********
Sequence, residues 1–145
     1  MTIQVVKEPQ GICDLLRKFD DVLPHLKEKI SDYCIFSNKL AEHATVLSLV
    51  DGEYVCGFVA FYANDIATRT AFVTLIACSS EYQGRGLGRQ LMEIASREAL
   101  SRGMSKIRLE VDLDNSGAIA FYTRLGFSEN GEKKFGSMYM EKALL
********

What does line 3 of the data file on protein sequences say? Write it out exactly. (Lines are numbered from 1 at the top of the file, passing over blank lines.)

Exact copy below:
    51  DGEYVCGFVA FYANDIATRT AFVTLIACSS EYQGRGLGRQ LMEIASREAL